Me British, baby Japanese?

With Mami four months pregnant, we have been thinking about which nationality our child should be. It’s really not a hard decision to choose Japanese as Peanut‘s nationality since he or she will be born and raised in Japan and take Mami’s family name.

However, I’ve just been reading about birth registration on the British Embassy’s website and they point out that…

Under Japanese Nationality Law at the age of 20, but before the age of 22, dual Japanese/British children are required to choose which nationality they wish to retain. If they wish to retain Japanese nationality they may be asked to renounce British nationality by the Japanese authorities.

Well, I had heard that Japan was one of the few countries in which dual nationality is not allowed, but I didn’t realize that a child can have two nationalities until they are 20. So that’s a bonus for Peanut, but is there really any merit in registering our child with the embassy? I guess getting a British birth certificate could be handy…. erm… maybe.

I’m also interested in the wording used by the British Embassy when they say “they may be asked to renounce British nationality.” Could this mean that there’s a chance the law will be changed within 20 years and dual nationality will be allowed? Hmm.. if anyone reading this blog has had personal experience with choosing the nationality of their child, I’d love to hear from you.

It’s starting to feel a bit weird, you know, being British even though my life is Japanese. I was reading TV in Japan‘s post titled Man In Rabbit Suit Plays Giant Pinball Game with Bowling Balls, and even though Gavin described the show as completely absurd, I actually watched it when it aired on TV and thought it was… normal. So, perhaps Japan has become so familiar to me that what I now perceive as normal, my fellow foreigners think is absurd. Cripes!

When I retire, having spent my entire working life in Japan, I doubt I’ll have any connections with the U.K. at all, with the exception of my brother. So, as a 65-year old lifer in Japan, who by that time will probably have forgotten English, perhaps it would make sense to renounce my British nationality and become a Japanese citizen. Of course, I’ll need to choose a Japanese name, and I’ve been thinking quite hard about that:

Me: Hi. How are you? I’m Toshinobu.

Man: …

Me: Um…. but you can call me Nick?

Man: …Ah…Nikku-san! How do you do? Are you American? How you like Japan? Chopsticks, ok? Japanese food, ok?

I’m sure I’m thinking too much about this. Perhaps I’ll wait twenty years and let Peanut decide his or her own nationality, and I’ll just see which one works best for him or her.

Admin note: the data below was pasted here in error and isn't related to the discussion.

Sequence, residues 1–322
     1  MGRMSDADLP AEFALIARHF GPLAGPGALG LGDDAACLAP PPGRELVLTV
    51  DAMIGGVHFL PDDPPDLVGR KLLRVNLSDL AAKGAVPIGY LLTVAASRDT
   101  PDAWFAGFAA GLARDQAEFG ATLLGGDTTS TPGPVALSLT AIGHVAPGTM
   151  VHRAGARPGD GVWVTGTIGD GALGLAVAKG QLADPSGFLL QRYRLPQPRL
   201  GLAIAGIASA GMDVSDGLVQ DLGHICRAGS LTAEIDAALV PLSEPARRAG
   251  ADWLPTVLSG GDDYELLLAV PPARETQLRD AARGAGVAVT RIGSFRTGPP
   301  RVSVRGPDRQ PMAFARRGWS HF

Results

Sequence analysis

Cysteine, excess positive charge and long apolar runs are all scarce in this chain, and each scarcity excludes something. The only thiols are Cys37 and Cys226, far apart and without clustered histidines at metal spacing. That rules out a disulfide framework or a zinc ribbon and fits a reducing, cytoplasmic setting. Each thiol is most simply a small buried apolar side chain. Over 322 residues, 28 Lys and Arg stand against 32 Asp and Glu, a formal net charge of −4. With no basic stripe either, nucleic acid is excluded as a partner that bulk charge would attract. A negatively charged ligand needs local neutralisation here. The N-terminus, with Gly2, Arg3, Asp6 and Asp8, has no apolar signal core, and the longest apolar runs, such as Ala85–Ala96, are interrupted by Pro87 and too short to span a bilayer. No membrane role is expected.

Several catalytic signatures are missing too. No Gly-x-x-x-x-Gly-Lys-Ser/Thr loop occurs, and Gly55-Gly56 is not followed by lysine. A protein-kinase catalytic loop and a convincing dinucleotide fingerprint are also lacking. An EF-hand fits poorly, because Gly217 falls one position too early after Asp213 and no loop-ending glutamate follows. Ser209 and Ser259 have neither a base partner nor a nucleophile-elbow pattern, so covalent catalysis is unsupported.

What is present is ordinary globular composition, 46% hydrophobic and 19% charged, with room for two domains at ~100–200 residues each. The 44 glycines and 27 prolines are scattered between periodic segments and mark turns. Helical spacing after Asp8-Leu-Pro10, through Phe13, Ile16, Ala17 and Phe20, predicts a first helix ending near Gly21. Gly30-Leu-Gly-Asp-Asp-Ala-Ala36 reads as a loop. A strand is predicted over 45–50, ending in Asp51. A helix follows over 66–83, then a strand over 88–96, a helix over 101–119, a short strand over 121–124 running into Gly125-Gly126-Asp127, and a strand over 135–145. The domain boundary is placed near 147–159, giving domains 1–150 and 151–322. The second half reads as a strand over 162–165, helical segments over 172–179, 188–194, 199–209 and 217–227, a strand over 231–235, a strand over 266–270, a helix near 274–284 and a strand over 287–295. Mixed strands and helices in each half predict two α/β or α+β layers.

22 comments

  1. Mike

    mmmm I know the child is supposed to choose which nationality they want when they become 20 years of age but to be honest would Japan really know if the child kept their British citizenship? I don’t think that they would and I think there are quite a number of people in Canada who are Japanese by birth but have Canadian citizenship and have just kept it a secret… woooo seeeeecccrrrrrreeeeeeeetttssss!!!!!!

  2. La Flor

    not that i have children, but i strongly believe you should make sure that Peanut has 2 nationalities up until he’s 20. oh, and i *really* hope that your name will be registered somewhere on his/her documents. you never know what can happen.

    p.s. Japan doting husbands

  3. nick

    Thanks La Flor, that certainly seems like the sensible thing to do. “Japan doting husbands” is a good read. It’s funny when it says he “recently started calling his wife by her name instead of grunting at her” !!! Classic.

  4. Mum

    Dad and I have been reading your blogs. They are very entertaining.
    With regards to Peanut’s nationality, I think she should be dual.
    Lots of love
    Mum and Dad

  5. Nick

    Wow, mum and dad! I didn’t know you read my blog! This is a pleasant surprise! Dual nationality definitely seems to be the way to go, at least for 20 years.

  6. Johan

    Rumors say that that law not allowing dual citizenships will be changed in the coming years. So you might be lucky that your child never even have to make that choice when the time comes.

  7. Michael Jolliffe

    would Japan really know if the child kept their British citizenship?
    *****
    The Japanese passport renewal form specifically asks if the applicant has any other nationality.
    As for the usefulness of claiming British citizenship, it does of course allow British citizens to work anywhere in the European Union, which could be an advantage in an increasingly globalised world.

  8. nick

    Thanks for that Michael. There are various pros and cons, but at least we’ve got 20 years to make a decision, one that Rikuto will no doubt make himself. Yep, it’s a boy and we’re going to call him Rikuto.

  9. Michael Jolliffe

    Congratulations on the forthcoming happy event.